Real Estate Policies
Americans with Disabilities Act
Signed into law on July 26 1990, the Americans with Disabilities Act is a wide-ranging legislation intended to make American Society more accessible to people with disabilities. Eliminating barriers in the built environment is a key element in complying with the Americans with Disabilities Act. Title III of the Americans with Disabilities Act, which covers public accommodations and commercial facilities (most private businesses and non-profit service providers) requires that all new construction and modifications must be accessible to individuals with disabilities. For existing facilities, barriers to services must be removed if readily achievable.
After the lease has been negotiated and all of the terms agreed upon, the appropriate party will execute the lease in accordance with the lease administration manual. Next, the Real Estate Department:
- Distributes and executes lease to the Landlord, Real Estate Office, Office of the President, and the group; and
- Provides basic lease and space information to Facilities Management and tracks lease in Real Estate Lease database.
Once the tenant is in the space, the administration of the lease becomes the primary responsibility of the Real Estate Department's Lease Administrator, whose responsibilities include:
- Coordinating and issuing rental and expenses payments;
- Responding to tenant or building management concerns;
- Maintaining active lease files; and
- Effecting the Tax Exemption process.
Environmental Impact Classification Report (EIC)
An EIC is a document prepared for University projects subject to the California Environmental Quality Act to determine whether a proposed project is statutorily or categorically exempt, whether an initial study has been or will be prepared for the project, whether it is known that the project will have a significant effect on the environment, and whether the site for the proposed project is consistent with the campus' long range development plan leasing process. The Real Estate Office prepares the document and it is sent to the environmental coordinator for review and approval.
Seismic Certification (SC)
The object of this policy is life safety, not property protection. The standard does not assure that the property or its contents will be operational or undamaged after a major seismic event. The policy is comparable to those contemplated or implemented by local, state and federal regulators in the wake of the Northridge earthquake. The policy applies to purchases and new leases (defined as newly leased space or lease renewals). The policy does not apply to the exercise of options to expand leased space or to extend the lease terms that were negotiated prior to the implementation of the new policy. The Independent Review states the licensed structural engineer's professional evaluation of the anticipated seismic performance of a structure during a "major seismic disturbance."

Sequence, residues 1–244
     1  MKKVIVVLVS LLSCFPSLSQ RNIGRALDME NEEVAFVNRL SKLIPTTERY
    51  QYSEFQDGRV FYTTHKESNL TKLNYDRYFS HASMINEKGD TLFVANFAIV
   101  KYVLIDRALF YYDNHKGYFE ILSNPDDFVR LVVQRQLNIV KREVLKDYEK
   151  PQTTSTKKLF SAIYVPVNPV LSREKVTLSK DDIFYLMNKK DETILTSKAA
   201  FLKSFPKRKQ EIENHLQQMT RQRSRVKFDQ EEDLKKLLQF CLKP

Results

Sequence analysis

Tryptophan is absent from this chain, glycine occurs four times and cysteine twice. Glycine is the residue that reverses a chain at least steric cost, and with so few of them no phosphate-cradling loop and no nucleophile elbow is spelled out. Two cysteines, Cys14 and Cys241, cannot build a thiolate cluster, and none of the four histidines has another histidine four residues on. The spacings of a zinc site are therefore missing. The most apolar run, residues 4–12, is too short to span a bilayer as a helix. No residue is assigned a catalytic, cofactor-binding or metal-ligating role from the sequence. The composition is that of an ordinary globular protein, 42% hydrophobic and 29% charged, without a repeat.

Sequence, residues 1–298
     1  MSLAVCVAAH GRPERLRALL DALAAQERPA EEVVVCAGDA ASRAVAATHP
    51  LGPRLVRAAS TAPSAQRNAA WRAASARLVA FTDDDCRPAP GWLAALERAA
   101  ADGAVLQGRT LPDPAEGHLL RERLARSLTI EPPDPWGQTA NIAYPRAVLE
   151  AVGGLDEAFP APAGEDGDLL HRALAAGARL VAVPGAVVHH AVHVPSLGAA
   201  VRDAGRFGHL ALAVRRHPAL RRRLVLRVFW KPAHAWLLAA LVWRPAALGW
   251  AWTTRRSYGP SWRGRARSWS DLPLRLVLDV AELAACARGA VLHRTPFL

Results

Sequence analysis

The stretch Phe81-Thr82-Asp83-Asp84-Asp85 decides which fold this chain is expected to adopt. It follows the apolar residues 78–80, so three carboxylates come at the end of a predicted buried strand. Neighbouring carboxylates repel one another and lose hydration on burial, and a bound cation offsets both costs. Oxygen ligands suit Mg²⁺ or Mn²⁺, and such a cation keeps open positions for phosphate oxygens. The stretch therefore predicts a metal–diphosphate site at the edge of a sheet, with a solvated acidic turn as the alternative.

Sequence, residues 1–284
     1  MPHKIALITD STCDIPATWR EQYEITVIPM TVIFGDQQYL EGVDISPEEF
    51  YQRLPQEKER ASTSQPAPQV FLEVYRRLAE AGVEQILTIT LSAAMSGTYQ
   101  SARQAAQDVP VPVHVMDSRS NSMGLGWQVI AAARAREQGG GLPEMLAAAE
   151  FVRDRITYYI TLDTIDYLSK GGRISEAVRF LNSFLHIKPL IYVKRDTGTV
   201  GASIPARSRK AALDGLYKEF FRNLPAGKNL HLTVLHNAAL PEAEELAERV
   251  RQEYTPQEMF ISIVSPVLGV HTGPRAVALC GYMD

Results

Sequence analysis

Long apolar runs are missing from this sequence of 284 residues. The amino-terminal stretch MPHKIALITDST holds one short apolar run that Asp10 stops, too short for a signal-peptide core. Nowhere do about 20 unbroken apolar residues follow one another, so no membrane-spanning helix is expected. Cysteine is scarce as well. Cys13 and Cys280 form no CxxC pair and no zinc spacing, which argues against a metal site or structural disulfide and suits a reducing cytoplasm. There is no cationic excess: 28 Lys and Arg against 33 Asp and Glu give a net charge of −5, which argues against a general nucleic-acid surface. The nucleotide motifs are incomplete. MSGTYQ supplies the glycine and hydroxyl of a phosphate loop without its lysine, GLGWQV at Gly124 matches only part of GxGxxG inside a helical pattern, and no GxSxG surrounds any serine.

Leased property should be rated "Fair" or "Good." When leased property is initially rated "Poor" or "Very Poor" and seismic retrofitting is included in pre-occupancy construction, the facility should be brought up to a "Good" rather than a "Fair" rating. (In most cases, the cost difference between upgrading a facility to "Good" rather than "Fair" is likely to be marginal.)
State Fire Marshal Inspection (SFMI)
The purpose for the State Fire Marshal Inspection is to establish minimum fire and life safety standards for all buildings. The standards are intended to reduce the loss of life and property due to fire and explosion, and provide safe, efficient and accessible buildings. The State Fire Marshal inspects all structures to insure that the structures are in full compliance with applicable fire and building codes. This is done through the implementation of rules and regulations designed to safeguard lives and property; by inspecting jurisdictional facilities to insure compliance with standards; and by inspecting new and existing occupancies to ensure legislative mandates. It is the State Fire Marshal’s responsibility to insure that fire and life safety code requirements are met and continue to be met.